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Hiring law firm in wake of data breach gives companies the secrecy of privilege

Many law firms are getting into the cybersecurity game

When data breaches hit, some companies are turning to law firms for help.

Typically when facing down a hacker, a company would retain a forensic investigator, the Wall Street Journal reports. But companies who go with law firms instead get the advantage of secrecy in the form of attorney-client privilege.

For a company that suffers a data breach, the breach itself is only the beginning of its problems. Litigation often follows on the heels of a breach, as well as drawing the attention of regulatory authorities. For example, Nationwide Mutual Insurance Co. in October suffered a breach in which a hacker stole the personal data of about 1 million people, which resulted in a Federal Bureau of Investigation probe and other regulatory investigations as well as lawsuits seeking class-action status.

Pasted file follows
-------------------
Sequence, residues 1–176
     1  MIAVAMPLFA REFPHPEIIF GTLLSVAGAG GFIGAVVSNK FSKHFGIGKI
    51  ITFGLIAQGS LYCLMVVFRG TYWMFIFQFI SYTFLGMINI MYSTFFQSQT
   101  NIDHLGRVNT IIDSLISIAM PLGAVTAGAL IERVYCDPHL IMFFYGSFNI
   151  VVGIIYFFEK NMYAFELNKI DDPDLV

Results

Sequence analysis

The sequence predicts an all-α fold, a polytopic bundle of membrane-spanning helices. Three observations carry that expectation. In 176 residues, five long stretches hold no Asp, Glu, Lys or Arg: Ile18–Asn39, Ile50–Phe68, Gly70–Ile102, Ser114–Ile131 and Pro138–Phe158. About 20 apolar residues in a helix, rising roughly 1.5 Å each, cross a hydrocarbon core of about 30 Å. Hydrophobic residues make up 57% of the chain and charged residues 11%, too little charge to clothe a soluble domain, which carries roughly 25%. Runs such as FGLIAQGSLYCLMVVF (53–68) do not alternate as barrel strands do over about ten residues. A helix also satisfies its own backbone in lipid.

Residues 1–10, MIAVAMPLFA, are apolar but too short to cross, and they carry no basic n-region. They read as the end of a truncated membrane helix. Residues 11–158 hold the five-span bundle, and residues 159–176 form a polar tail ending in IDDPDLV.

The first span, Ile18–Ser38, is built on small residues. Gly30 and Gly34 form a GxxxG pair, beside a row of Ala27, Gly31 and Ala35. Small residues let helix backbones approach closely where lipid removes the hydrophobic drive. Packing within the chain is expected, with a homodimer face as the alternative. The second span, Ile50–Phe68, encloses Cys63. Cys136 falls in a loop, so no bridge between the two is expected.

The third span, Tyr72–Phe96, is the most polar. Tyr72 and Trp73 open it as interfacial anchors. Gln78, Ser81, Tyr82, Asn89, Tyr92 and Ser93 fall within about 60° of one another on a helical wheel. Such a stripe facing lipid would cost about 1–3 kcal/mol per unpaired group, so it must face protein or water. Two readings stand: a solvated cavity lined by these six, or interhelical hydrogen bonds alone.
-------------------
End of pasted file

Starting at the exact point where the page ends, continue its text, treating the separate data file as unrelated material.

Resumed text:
When a company is under the microscope like that, a little secrecy can be a welcome thing. For example, if a law firm, rather than the company itself, contacts a forensic investigator, privilege can keep the company’s own investigation from being used against it in litigation.

Nationwide retained Ropes & Gray to help it with its situation, but other law firms, including Alston & Bird and Steptoe & Johnson, are getting into the cybersecurity game as well.


For more InsideCounsel coverage of cybersecurity, see below:

Reuters journalist charged in Anonymous hacking conspiracy

EU regulators warn of mobile app privacy concerns

Technology: 4 practical tips for improving critical infrastructure cybersecurity

Obama signs executive order on cybersecurity

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